Okay, so some would say we shouldn't go to a comic book action movie hoping for well-developed character arcs or believably romantic sub-plots. (I might respond, Of course we should, but that's a discussion for another time.) The sad truth, however, is that Thor doesn't work as an action-adventure movie either; it lets down the comic book elements just as badly as the human elements. The plot has no scale, no excitement, and no surprises; someone involved in the film is clearly familiar with Simonson's run on the comic book—there are cherry-picked elements and images—but that person obviously just skimmed, and didn't bother to absorb what made those stories work. The action scenes are dull, infrequent, and poorly weighted in the script: the best fight scene (the battle in Jotunheim) comes very early, and all the others—including the climax—seem small and cheap in comparison.  The special effects are lavish but unconvincing: the ease and affordability of CGI might allow every director to create worlds and armies, but that doesn't mean every director is going to be good at it. Thor's frost giants, for example, are no more convincing than I Am Legend's grimacing hoardes, and Asgard—while pretty—never for a moment seems like anything other than green screen.

Thor isn't unwatchable—it's nowhere near as bad, or as unfaithful, as the Fantasic Four movies, for example—but that doesn't make it worth watching.

 

The Unaffiliated Critic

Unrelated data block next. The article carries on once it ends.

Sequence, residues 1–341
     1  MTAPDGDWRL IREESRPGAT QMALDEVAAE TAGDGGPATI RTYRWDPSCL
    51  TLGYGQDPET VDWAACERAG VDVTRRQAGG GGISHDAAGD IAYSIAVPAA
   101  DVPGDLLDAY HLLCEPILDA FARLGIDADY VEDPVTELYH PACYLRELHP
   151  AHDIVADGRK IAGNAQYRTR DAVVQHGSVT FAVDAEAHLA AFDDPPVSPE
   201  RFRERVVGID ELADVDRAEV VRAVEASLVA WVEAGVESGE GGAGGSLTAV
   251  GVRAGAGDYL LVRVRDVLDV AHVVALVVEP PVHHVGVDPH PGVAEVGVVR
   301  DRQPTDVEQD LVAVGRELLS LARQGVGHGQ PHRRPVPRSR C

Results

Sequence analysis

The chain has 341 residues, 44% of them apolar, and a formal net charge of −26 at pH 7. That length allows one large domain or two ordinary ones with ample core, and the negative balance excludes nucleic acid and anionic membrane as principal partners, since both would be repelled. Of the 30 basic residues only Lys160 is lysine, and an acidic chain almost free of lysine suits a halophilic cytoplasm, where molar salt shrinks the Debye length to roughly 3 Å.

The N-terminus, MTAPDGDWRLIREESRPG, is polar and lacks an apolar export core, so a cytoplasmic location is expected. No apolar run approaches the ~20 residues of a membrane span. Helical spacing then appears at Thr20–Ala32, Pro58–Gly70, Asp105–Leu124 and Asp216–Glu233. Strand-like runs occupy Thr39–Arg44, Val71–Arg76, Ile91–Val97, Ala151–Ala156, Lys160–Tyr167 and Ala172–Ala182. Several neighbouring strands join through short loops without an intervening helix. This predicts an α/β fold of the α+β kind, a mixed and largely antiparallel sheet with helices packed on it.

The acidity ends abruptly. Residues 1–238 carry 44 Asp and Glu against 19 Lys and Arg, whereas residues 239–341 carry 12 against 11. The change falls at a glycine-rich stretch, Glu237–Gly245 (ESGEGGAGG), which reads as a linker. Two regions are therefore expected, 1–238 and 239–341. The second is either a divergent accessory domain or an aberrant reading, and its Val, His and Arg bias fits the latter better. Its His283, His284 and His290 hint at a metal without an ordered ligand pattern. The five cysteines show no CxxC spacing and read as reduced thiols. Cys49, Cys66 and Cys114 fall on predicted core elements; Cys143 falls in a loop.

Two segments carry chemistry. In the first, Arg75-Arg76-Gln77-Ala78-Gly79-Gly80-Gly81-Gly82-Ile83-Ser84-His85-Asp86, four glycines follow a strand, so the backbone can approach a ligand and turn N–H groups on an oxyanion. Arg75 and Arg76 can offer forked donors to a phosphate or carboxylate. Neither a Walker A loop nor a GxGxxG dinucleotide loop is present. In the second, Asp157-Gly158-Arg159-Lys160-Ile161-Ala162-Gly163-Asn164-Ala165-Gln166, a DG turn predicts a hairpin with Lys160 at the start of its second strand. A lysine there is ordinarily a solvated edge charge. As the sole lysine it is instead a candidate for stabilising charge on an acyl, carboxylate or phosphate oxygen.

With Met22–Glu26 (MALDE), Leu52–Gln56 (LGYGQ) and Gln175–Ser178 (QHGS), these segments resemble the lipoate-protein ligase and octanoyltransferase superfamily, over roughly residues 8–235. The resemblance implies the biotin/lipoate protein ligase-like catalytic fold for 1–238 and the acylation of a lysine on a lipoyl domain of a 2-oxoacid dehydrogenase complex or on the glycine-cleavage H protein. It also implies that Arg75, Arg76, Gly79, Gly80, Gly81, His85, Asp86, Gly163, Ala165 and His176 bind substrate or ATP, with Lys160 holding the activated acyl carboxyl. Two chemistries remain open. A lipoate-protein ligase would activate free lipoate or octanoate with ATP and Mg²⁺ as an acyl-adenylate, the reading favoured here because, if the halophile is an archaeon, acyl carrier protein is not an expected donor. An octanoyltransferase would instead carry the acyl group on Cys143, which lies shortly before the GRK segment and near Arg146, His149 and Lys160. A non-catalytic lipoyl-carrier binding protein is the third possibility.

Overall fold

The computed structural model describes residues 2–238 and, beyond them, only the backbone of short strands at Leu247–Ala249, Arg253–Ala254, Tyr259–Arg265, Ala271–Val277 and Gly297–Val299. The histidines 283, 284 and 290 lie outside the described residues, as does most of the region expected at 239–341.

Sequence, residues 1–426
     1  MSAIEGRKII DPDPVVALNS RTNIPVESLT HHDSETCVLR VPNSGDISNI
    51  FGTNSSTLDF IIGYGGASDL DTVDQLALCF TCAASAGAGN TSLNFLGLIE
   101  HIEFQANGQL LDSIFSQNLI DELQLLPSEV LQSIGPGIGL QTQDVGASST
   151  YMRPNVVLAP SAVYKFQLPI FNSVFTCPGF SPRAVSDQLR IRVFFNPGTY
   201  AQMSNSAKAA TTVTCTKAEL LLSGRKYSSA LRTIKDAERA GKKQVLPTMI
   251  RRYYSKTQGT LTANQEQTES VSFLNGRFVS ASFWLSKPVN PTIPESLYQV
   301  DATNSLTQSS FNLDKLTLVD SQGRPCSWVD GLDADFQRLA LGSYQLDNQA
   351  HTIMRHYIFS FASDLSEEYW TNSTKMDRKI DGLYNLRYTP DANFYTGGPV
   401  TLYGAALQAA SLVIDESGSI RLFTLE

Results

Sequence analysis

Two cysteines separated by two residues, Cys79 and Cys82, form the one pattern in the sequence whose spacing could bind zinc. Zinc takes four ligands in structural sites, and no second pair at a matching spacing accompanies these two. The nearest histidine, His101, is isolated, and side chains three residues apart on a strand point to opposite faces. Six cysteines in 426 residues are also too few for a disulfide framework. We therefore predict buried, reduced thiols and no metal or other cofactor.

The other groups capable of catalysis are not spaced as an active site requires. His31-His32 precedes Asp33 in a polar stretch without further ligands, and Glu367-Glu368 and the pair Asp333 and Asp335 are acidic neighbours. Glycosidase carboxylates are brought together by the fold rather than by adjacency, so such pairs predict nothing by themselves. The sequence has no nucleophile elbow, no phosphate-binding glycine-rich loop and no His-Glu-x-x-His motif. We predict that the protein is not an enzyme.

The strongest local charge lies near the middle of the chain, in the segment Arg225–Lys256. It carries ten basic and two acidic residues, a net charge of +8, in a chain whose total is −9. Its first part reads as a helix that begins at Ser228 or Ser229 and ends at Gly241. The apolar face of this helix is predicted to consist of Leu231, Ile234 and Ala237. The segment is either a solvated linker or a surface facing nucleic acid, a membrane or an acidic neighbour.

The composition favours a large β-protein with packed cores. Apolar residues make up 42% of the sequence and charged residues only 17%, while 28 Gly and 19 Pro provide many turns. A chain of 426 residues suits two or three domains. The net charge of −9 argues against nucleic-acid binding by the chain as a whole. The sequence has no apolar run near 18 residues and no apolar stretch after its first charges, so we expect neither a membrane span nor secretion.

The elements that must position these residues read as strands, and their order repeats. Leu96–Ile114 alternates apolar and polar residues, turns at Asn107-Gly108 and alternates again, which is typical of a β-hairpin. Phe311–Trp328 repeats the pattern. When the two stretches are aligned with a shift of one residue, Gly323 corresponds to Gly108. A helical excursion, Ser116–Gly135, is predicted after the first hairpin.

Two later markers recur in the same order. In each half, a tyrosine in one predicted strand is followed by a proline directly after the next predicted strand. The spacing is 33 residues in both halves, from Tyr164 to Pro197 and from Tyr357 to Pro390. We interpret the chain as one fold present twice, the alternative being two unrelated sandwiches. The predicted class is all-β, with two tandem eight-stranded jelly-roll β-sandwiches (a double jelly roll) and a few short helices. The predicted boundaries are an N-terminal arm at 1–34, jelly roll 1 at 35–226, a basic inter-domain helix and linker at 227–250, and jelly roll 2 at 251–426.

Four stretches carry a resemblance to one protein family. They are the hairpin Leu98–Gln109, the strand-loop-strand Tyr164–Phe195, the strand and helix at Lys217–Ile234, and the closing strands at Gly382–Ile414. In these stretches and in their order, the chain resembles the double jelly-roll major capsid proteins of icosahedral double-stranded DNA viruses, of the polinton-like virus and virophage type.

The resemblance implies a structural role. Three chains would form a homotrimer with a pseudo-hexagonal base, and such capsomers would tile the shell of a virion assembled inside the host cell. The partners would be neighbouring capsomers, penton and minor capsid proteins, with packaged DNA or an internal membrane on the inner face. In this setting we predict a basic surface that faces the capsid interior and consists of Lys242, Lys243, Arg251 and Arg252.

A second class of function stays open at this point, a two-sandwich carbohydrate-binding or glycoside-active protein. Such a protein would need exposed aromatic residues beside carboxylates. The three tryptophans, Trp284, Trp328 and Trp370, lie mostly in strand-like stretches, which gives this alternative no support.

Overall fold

Michael G. McDunnah is a freelance writer, a recovering lit major, a pop-culture junkie, and an unaffiliated critic. He lives in Chicago.

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4 thoughts on “THOR

  1. I can't argue with anything you've said here, but I'll offer a slightly weak defense that "I sort of liked it." Affection for the source material, I suppose, and amazement that we're actually seeing a multimillion-dollar blockbuster film based on Thor. (Remember the sort of shit that passed for comic book movies in the '80s and '90s?)

    But you're right — the action scenes are weak, and Portman is superfluous, although I hate saying that about my secret girlfriend, sorry honey. Chris Hemsworth is all kinds of charming, though, and should do well in The Avengers. Also, hey, the guy who played Loki was really good — I suppose Branagh directed him to play the role as someone who moves from mischief to evil because of shame and hurt, instead of straight-up villainously. Anyway, I thought it worked, and I'm happy to see that he'll be in The Avengers too.

    1. Fair enough, but I confess I've been a little surprised at the affection for this movie, especially FROM the people who read the comics. (Poor Roger Ebert: who knew Thor had such a rabid fan-base?)

      As a comics fan of old, I think we're so used to Hollywood getting everything wrong that we're satisfied as long as the movie isn't a total perversion of the source material. As long as they get the basic facts right, we're happy. But, as Ebert says in one of the seventeen blogs he's now written on this, comic book movies have gotten better: the Spider Man movies (well, the first two) and Iron Man have led me to raise the bar a little. I think I was hard on Thor in part because it SHOULD have been good: they got a lot right; they just forgot to have make a good movie.

      1. Oh yeah, like I said, I don't really disagree with anything you wrote; I just fell on the other side of the affection/quality fence. Iron Man and Spider Man 2 are definitely better movies. Part of the reason I enjoyed the movie so much was because Carrie and I walked right out of a showing of the Met Live in HD broadcast of Die Walkure and straight into Thor. North European pagan day! — first as tragedy, then as pop art.